Letters of Love is a Lenten Meditation for Catholic families with differently-wired kids. Weekly prompts feature Scripture, inspiration from the saints, and flexible suggestions for prayer, sacrifice, and service. Throughout the course of Lent, you’ll build a collection of love letters to God and one another as a keepsake of your unique family’s spiritual, social, and emotional growth.
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Our oldest child’s first and only year of school was a traumatic, emotional experience. It started with a late August meltdown over the wrong end-of-the-day sticker and cascaded downward from there.
We knew our daughter was unique and unrepeatable; intellectually gifted, she went into kindergarten reading books like The Hobbit on her own. What we didn’t know was the true definition of differently-wired. Her school days were fraught with anxiety, meltdowns, disinterest, and elopements. There were even a few physical altercations.
At least twice a week we’d come home in tears.
No, we didn’t pull her out – not immediately. We waited and instead hoped for some sort of change. I was trapped in a maelstrom of broken hearts and expectations; I couldn’t stay there in her classroom or hold her hand to ease her struggle.
I thought of my father – and I wrote her letters instead.
My dad was a man of letters, and he wrote on anything that didn’t move. He’d leave love notes for my mother on the bathroom mirror; scribble “Yes!” and “A-hah!” inside his faded paperback Bible. Every book he gave me carried an inscription: some were short, like the scribbling you can see in the above image. Others were longer, a glimpse into the depths of his love for us and God:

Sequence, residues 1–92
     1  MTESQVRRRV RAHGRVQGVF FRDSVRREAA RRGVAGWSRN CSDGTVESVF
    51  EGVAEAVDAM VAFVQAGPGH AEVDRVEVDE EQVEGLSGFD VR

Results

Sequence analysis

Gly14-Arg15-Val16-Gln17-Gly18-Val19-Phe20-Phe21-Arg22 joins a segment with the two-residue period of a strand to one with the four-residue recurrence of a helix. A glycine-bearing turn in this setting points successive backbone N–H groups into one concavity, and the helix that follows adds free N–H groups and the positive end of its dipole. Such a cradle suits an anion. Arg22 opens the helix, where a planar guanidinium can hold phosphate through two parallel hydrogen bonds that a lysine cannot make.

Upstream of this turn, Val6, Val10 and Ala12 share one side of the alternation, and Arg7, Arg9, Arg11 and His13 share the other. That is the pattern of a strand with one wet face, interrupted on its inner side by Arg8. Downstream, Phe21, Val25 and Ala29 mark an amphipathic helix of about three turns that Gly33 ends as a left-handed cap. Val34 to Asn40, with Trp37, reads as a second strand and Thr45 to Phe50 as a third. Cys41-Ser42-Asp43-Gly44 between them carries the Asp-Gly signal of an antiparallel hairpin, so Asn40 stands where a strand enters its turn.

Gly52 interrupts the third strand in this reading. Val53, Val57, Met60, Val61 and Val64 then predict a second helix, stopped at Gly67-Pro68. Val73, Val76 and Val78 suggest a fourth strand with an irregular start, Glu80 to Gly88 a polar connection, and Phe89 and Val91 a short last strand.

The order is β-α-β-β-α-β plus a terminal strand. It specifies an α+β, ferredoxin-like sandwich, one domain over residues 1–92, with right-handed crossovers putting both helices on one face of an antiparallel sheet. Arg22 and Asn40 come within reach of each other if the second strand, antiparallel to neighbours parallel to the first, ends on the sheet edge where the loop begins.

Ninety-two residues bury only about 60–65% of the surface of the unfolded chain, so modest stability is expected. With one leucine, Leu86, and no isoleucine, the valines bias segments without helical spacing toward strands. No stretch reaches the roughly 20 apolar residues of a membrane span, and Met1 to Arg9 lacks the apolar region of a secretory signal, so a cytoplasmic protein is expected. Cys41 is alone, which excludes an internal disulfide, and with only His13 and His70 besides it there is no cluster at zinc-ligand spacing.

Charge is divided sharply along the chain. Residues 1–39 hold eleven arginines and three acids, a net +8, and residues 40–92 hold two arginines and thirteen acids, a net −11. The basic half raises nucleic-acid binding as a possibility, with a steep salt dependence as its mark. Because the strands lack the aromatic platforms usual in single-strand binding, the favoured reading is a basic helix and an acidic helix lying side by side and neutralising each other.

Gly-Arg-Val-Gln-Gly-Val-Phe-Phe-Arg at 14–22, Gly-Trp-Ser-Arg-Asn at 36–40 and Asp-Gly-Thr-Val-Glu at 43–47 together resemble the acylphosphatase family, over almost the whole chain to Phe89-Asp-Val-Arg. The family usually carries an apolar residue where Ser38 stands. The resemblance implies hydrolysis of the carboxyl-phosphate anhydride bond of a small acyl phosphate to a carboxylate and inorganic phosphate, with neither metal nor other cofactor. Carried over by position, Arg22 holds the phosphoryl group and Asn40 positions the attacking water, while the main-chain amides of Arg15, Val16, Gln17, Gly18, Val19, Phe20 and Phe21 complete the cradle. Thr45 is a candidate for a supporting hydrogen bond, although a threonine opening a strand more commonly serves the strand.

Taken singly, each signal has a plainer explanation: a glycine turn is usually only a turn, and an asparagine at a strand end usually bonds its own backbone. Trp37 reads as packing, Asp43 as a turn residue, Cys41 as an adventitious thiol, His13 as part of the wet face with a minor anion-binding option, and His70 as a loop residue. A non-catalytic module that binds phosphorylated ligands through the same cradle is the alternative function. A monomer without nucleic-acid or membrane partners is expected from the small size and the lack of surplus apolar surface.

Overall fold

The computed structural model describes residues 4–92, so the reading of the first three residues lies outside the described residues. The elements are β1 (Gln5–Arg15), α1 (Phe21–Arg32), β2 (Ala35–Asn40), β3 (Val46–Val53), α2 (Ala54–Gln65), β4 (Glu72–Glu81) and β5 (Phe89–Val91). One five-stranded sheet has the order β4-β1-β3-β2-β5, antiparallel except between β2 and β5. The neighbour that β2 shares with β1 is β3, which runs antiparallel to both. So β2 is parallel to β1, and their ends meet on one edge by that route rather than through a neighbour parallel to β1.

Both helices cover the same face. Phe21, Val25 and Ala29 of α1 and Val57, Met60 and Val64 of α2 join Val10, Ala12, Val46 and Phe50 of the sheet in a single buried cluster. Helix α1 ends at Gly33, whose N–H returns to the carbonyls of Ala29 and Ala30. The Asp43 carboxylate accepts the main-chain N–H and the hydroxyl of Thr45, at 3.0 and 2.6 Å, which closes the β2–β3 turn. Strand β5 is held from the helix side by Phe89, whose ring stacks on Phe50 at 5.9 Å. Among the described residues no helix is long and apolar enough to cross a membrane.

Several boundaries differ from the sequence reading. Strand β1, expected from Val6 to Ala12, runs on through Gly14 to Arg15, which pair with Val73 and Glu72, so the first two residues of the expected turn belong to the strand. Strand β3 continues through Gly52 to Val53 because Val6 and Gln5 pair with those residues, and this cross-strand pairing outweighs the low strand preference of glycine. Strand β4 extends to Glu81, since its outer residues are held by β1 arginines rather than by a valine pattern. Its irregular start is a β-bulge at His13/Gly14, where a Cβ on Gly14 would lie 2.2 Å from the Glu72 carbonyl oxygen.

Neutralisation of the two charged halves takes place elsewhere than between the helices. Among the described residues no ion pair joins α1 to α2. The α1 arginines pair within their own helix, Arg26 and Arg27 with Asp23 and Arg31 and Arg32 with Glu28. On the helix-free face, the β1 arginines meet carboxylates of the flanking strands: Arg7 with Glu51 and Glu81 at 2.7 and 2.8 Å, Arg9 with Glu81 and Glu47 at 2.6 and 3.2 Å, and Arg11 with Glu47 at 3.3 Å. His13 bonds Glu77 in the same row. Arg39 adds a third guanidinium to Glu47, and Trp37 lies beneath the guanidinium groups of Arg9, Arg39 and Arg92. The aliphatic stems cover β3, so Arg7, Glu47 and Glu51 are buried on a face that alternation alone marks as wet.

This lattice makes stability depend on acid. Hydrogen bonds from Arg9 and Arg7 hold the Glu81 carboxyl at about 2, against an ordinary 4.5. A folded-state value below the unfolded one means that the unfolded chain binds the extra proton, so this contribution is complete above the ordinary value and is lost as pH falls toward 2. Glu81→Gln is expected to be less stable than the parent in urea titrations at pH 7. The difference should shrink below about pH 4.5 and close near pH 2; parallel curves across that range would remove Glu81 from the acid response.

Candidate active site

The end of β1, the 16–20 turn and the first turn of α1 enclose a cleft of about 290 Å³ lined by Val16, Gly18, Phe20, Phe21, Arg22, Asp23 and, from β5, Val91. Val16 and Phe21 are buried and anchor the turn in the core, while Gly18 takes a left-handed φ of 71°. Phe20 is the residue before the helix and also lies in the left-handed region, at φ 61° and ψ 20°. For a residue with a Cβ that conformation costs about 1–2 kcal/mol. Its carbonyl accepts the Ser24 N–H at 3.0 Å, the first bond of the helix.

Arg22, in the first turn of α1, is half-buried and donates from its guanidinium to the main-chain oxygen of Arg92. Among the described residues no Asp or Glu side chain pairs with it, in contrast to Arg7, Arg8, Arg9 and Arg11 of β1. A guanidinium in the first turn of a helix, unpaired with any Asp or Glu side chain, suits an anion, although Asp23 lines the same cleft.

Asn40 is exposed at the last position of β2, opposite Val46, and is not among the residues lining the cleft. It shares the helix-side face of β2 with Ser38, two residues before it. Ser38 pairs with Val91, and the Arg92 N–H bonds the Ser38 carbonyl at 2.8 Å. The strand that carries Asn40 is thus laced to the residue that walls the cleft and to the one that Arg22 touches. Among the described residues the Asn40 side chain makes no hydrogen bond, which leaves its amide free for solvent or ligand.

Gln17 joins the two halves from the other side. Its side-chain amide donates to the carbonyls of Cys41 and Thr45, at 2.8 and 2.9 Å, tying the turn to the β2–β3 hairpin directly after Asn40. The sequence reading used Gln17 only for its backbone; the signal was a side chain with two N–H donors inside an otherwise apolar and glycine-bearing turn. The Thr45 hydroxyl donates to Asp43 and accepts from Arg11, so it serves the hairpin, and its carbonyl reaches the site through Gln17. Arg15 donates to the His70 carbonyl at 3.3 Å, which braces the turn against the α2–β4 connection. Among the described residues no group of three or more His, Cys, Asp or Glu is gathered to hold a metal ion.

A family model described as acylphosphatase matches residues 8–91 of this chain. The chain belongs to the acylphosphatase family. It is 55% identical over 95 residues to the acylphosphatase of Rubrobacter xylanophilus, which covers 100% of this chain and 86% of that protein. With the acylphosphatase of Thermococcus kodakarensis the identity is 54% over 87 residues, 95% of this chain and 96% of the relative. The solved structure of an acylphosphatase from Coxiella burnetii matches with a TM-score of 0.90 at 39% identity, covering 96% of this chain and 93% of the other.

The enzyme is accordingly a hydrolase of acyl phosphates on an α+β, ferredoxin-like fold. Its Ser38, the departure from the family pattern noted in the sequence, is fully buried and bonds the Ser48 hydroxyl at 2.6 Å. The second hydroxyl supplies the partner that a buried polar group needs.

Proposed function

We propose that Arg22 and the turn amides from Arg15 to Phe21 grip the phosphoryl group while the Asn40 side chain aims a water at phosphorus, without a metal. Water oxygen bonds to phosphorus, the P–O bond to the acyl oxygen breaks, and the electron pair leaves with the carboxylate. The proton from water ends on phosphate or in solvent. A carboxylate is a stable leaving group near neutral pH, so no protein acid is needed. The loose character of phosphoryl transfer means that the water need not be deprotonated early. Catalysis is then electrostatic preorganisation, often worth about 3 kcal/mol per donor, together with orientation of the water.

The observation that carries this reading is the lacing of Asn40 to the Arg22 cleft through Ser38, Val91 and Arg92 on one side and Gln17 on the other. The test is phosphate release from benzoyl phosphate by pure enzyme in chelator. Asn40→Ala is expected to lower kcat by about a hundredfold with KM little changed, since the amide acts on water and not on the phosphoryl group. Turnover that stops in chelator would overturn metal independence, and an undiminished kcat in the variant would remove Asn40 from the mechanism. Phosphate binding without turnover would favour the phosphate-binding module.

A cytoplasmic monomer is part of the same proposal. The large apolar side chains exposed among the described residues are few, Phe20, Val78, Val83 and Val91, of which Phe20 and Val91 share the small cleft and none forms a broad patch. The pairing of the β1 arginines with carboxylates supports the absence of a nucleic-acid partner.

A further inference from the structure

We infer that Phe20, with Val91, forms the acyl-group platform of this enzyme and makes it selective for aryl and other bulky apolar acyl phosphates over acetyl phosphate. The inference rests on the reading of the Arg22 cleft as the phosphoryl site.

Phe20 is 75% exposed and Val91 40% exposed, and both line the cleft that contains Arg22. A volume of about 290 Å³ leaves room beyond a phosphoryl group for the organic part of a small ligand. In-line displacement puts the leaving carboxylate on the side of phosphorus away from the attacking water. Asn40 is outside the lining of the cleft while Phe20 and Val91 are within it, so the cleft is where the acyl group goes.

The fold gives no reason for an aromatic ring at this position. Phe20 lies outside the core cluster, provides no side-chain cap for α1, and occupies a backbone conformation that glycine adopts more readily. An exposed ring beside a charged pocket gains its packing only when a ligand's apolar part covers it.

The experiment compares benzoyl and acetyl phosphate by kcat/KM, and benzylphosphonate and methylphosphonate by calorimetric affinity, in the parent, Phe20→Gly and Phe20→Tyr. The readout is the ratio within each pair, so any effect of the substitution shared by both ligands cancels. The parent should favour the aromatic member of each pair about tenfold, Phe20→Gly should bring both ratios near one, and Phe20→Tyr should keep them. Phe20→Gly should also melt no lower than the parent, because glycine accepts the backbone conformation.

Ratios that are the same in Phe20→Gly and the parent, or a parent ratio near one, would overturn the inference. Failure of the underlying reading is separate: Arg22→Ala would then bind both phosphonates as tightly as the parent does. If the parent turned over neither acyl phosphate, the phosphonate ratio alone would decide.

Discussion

I couldn’t resist a copy of this book for you – you’re still my little girl and these are the kind of stories a loving father would want to share with his girls. I know it’s premature, but even as an adult I enjoy stories like these. The maxims extolled in this collection are as those followed by your grandparents in the family my siblings and I were blessed to be in. I admire the compiler of these tales, and would hope that you and Dan (God bless him) would want to use them should our Almighty Father bless you with little ones. You have a very special place in my heart and I will always think of you as my baby. I love you and am proud of you and wish God’s blessings for you, always!!
Later in his life, I started to catch him correcting grammar and spelling mistakes in books he checked out from the library.
“You’re a librarian, Dad!!!” I’d holler.
“I am,” he’d respond, dark eyes twinkling, “and a conscientious one, at that.”
Dad just couldn’t help himself. The written word was a vehicle for the deepest expressions of his heart. He lived language, he loved language, and he loved sharing that joy with all of us.
Letters of Love for the Differently-Wired
How does all this fit in with my daughter? Well, communication with differently-wired children can be difficult, often manifesting as behavior first. With every phone call from the principal’s office, each “note from the teacher” sent home in her blue-and-white school news folder, I began to see a cry for help emerging.
She was trying to tell her teachers, the principal, her classmates, even us, her parents, that something was very wrong.
We hadn’t yet gone through the evaluation process, partially due to the hardness of my heart. But I knew something was wrong, and I wanted to help her. So I turned to my father’s method of expressing his deep and abiding love.